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November 17, 2006 E-MAIL PRINT Bookmark and Share

SECOND THOUGHTS: The Crapshoot

by Chris Dilks/Columnist

Wednesday concluded the NCAA's early signing period, during which recruits can send in their National Letters of Intent and make their commitment to the school that recruited them a little more official.

I say "a little more official," because as many college hockey fans have learned, nothing is really official until a players steps on campus. In the months between now and the start of next hockey season, there is still plenty of time for a player to choose to play in a Canadian major junior league, or sign with an NHL team, or decide that he needs to play another year of junior hockey.

Despite this, the early signing period remains significant in the college hockey world because once a player sends in his Letter of Intent, teams are officially allowed to discuss and release information on a player. That means it's usually the first time more casual fans start talking about a team's recruiting for that year.

I always enjoy any time someone is willing to talk about anything to do with college hockey, but it does come with a few problems. First, there's the inevitable woofing from most fan bases about how great their incoming players are. I'm thoroughly convinced that North Dakota or Minnesota could sign Helen Keller, and the next day, all we'd hear about from their fans is how great her hands are. The other problem, slightly more annoying problem with this recruiting is that it's also the time that a lot of tired clichés about recruiting get brought out.

I've often heard people describe the college hockey recruiting process as a "crapshoot." I'll definitely agree that the job of watching 16-20 year olds and picking who will be the best 2-6 years down the line is far from an exact science, but I also don't think it's as random as people make it out to be. I doubt assistant coaches would spend weeks on the road traveling to desolate locations in the upper Midwest and western Canada if they could just as easily draw names out of a hat. So while I disagree with the "crapshoot" analogy, I think a much better analogy comes from a different table inside the casino.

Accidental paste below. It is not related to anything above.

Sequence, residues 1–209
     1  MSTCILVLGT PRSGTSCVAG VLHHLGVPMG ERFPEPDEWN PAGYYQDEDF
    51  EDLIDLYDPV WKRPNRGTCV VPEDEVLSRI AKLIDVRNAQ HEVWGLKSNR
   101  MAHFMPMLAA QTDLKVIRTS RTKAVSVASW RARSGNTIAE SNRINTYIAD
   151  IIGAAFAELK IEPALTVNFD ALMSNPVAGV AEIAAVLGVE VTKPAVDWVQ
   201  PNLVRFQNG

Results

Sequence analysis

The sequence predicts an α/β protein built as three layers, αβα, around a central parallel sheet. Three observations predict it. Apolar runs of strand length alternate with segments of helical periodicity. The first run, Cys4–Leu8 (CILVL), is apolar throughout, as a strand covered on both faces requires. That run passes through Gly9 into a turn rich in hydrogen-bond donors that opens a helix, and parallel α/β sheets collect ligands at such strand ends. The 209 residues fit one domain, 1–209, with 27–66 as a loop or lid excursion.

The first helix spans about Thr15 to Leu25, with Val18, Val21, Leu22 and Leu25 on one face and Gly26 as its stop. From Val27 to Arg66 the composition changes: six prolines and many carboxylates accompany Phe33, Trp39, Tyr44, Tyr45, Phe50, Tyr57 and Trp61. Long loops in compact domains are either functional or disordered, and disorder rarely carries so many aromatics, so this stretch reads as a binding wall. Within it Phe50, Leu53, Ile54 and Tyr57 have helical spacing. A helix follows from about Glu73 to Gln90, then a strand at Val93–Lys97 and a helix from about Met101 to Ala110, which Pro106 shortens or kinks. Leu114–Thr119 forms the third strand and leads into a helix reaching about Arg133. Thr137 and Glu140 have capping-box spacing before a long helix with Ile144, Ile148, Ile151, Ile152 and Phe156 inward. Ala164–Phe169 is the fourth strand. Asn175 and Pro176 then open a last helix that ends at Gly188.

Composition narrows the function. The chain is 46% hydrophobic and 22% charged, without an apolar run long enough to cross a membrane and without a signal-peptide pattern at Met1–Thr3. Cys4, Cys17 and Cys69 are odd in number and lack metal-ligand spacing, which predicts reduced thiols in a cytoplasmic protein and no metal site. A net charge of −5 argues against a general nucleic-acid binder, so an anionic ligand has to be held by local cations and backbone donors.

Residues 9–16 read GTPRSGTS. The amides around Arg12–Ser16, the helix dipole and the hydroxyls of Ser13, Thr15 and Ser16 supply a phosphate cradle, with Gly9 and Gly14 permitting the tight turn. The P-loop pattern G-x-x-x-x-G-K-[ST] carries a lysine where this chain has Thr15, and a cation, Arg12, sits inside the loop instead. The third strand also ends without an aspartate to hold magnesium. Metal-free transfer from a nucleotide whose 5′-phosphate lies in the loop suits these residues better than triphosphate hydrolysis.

There's a card game called No Limit Texas Hold'em, which you may have seen on ESPN once or twice in lieu of any sort of hockey coverage. If you're not familiar with the game, each player gets dealt two cards face down, and then a series of five community cards come on the board, and the player that makes the best five card poker hands wins.

Where does recruiting fall into this? Recruiting a player is like being dealt a two-card starting hand in No Limit Texas Hold'em. While that starting hand has a certain value, that value can be drastically changed once the community cards come onto the board, just as a player's value as a junior hockey player can drastically change once he moves into the world of college hockey.

Ask any casual poker and they'll tell you multiple stories about the time they got dealt pocket aces, the best possible starting hand, only to see them beaten by a much worse hand, just as most college hockey fans can tell you about highly recruited players like Adam Pineault or Ryan Sittler that never developed into great players. Or a casual poker player may tell you about the time they got dealt an awful starting hand, only to end up making a full house and winning a big pot, just as every college hockey fan has a story about the little-recruited walk-on who went on to a star for their team.

But that anecdotal evidence doesn't mean that either is completely random. A pro poker player knows that if he plays enough hands, eventually the odds will even out, and if he keeps betting with the best hand, eventually he'll win more than he loses. College hockey recruiting may not have the mathematical odds to back up that argument in the same way that Texas Hold'em does, but the principle remains the same. People may bring up that a team of blue chips recruits in Minnesota lost to lowly Holy Cross, but that argument forgets that the reason that upset was so huge was that Minnesota has won so consistently in the past with those blue-chip players, and in the long-run, Minnesota will much more often than a team like Holy Cross. Coaches and experienced college hockey fans know that in the long run, it's the safer bet that usually wins.

So as the faxes finish rolling in from the young players that have signed to play college hockey, and the teams start sending out press releases on those players, remember that anecdotal evidence doesn't always make something true, and just because recruiting isn't an exact science that is right 100% of the time, doesn't mean that it doesn't hold some value.

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